[Noozhawk’s note: Last in a series. Click here for previous columns.]
Over the past several months, Noozhawk has generously published a weekly column that I have written on the Santa Barbara Trust for Historic Preservation and its various projects, with special emphasis on its adobe world.
In this final column, I think it worth considering the totality of what the nonprofit SBTHP had achieved in its 53-year history up to the time I stepped down as executive director in 2016.
First, there are its real estate successes. SBTHP acquired sections of four blocks of downtown properties over this time period, for and with California State Parks. All of the parcels were purchased from willing sellers.
In 1995, SBTHP also purchased the Santa Inés Mission Mills property in Solvang, also from willing sellers.
SBTHP turned the gift of El Paseo/Casa de la Guerra into a “real estate” success by its sale with conditions on the property. The result was the complete restoration both of El Paseo and the casa — the former by the new El Paseo owners under the guidance of SBTHP and the latter by SBTHP itself.
At El Presidio de Santa Bárbara, SBTHP was responsible for rebuilding 18 of the original presidio rooms (one an observation tower), and the Presidio Chapel, Santa Barbara’s first church. More than 100,000 adobe bricks were made, mostly on site, for the presidio reconstruction and the Casa de la Guerra restoration.
Through its half-century history, SBTHP undertook numerous archaeological investigations and produced professional reports recording these efforts.
SBTHP also undertook important repair work of the Pico, Rochin and El Cuartel adobes. It restored five of the buildings at the old Santa Barbara City College site — some of them in cooperation with tenants. It was responsible for the first greened buildings of a historic building in a state park.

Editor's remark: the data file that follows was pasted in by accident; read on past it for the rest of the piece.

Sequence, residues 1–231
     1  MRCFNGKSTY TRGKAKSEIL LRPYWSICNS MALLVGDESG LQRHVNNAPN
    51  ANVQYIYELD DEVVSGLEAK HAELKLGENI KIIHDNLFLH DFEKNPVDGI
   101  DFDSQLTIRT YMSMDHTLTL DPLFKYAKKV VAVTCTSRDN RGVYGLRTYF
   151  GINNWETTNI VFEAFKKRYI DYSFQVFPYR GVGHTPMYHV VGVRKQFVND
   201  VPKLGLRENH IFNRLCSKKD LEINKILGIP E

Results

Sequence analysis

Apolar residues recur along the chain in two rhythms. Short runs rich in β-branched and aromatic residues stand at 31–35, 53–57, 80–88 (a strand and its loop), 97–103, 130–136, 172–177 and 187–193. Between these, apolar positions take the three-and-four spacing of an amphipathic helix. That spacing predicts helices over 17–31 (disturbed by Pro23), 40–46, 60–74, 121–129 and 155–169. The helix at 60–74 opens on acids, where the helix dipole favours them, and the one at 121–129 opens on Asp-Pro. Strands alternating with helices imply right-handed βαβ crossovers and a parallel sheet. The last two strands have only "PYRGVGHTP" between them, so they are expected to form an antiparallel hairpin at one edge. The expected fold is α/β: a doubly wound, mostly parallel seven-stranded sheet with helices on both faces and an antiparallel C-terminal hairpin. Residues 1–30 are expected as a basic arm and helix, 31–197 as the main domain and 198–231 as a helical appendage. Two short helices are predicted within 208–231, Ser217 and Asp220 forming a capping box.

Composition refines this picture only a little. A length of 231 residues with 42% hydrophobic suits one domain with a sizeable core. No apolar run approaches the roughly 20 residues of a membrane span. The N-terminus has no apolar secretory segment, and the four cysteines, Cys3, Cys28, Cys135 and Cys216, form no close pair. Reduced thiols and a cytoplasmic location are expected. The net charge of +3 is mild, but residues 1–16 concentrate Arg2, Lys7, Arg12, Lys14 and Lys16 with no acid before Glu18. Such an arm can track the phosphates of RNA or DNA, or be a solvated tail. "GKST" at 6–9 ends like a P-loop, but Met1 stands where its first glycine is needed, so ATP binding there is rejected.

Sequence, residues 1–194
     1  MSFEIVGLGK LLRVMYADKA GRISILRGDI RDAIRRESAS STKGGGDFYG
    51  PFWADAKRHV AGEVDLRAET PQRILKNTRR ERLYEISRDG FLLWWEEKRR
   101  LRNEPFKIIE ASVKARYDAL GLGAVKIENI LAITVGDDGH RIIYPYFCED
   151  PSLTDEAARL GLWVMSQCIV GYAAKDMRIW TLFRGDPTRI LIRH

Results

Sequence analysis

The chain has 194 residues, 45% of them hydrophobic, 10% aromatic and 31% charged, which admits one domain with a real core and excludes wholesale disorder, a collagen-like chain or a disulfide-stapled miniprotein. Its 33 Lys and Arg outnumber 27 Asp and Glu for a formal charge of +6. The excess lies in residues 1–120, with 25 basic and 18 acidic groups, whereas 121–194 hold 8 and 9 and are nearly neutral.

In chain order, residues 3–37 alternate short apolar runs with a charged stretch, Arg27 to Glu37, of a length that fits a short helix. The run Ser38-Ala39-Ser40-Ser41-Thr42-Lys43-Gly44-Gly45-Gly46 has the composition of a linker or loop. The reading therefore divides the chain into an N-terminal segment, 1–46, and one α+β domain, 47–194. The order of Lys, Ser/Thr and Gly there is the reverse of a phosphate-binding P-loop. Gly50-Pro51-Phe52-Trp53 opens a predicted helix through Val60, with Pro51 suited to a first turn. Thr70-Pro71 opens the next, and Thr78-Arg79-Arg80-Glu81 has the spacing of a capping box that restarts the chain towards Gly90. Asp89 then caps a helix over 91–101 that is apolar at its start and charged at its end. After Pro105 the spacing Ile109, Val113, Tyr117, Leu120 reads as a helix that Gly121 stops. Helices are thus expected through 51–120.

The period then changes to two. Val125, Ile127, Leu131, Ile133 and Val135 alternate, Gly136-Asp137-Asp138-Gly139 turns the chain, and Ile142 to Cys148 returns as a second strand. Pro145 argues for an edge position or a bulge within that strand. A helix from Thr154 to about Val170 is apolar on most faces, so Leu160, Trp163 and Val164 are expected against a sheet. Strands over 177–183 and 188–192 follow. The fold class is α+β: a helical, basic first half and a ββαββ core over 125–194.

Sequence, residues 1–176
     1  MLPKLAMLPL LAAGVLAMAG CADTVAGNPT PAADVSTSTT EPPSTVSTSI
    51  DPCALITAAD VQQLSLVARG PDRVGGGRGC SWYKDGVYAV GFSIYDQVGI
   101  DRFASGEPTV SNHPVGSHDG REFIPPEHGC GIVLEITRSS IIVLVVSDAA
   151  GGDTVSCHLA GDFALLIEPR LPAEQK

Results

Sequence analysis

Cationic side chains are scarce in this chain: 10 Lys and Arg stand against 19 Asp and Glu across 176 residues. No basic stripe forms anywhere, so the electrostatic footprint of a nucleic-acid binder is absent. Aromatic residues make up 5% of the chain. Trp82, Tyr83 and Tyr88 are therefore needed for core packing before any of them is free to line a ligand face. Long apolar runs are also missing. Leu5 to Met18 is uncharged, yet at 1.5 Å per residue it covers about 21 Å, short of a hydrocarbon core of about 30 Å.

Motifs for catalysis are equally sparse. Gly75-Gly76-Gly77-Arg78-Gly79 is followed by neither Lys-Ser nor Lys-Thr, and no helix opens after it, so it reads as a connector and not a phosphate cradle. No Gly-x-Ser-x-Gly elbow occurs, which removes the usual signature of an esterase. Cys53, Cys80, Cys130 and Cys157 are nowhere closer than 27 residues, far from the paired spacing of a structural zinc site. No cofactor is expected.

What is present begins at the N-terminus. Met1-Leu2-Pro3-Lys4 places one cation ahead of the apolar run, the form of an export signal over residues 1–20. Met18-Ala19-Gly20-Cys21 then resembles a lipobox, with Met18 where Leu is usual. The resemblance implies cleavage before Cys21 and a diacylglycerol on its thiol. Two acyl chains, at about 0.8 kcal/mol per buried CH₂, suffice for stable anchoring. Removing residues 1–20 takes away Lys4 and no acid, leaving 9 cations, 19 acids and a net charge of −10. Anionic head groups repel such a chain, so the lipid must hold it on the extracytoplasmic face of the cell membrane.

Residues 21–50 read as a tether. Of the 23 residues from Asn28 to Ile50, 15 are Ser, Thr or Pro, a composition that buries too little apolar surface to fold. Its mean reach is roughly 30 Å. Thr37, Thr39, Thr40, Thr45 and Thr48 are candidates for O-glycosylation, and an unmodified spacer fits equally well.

The trust conducted research and published numerous articles, books and a quarterly newsletter that only missed one issue over a period of 50 years. It created a model Presidio Research Center with books and archival materials available to the public.
It created a living history soldiers group that added a special dimension to the SBTHP and El Presidio de Santa Bárbara State Historic Park celebrations and events, which was especially important during the royal visits of Spain’s Prince Felipe, now King Felipe VI.
It created 20 rooms of museum space — including the rich interior of the Presidio Chapel designed by noted art historian Norman Neuerburg.
SBTHP expanded its interpretation to include the Asian history of the presidio area.
With all of these achievements one must add good financial management. When I left in 2016, SBTHP had no debt, but it also had a solid income flow in large part due to sound investment of its cash assets and earned income from state property rental properties made possible by a unique operating agreement. The board included some very smart business people overseeing SBTHP’s operations.
At the same time, SBTHP had to build a staff to operate and interpret its various sites.
For me personally, I derived great satisfaction being part of this amazing development, but it was not without its stresses and strains. The two-year-plus escrow of the El Paseo sale caused many sleepless nights.
Then, one of our sales to the state was stopped cold within a week of closing when then-Gov. Arnold Schwarzenegger shut down much of the state government due to a fiscal crisis. This happened at a time when we really needed the funding to pay off another mortgage. Six months later, a check for $1.5 million finally arrived, and we could exhale.
And then there were the extended years of presidio political controversy and the uncertainty of how it would all turn out.
On the other hand, there were plenty of positive acknowledgments of our work.
SBTHP received many awards — from the National Trust for Historic Preservation at its conference in Buffalo, New York; a Take Pride America award received on the White House lawn in 1988; and a special DeWitt Partnership award from California State Parks.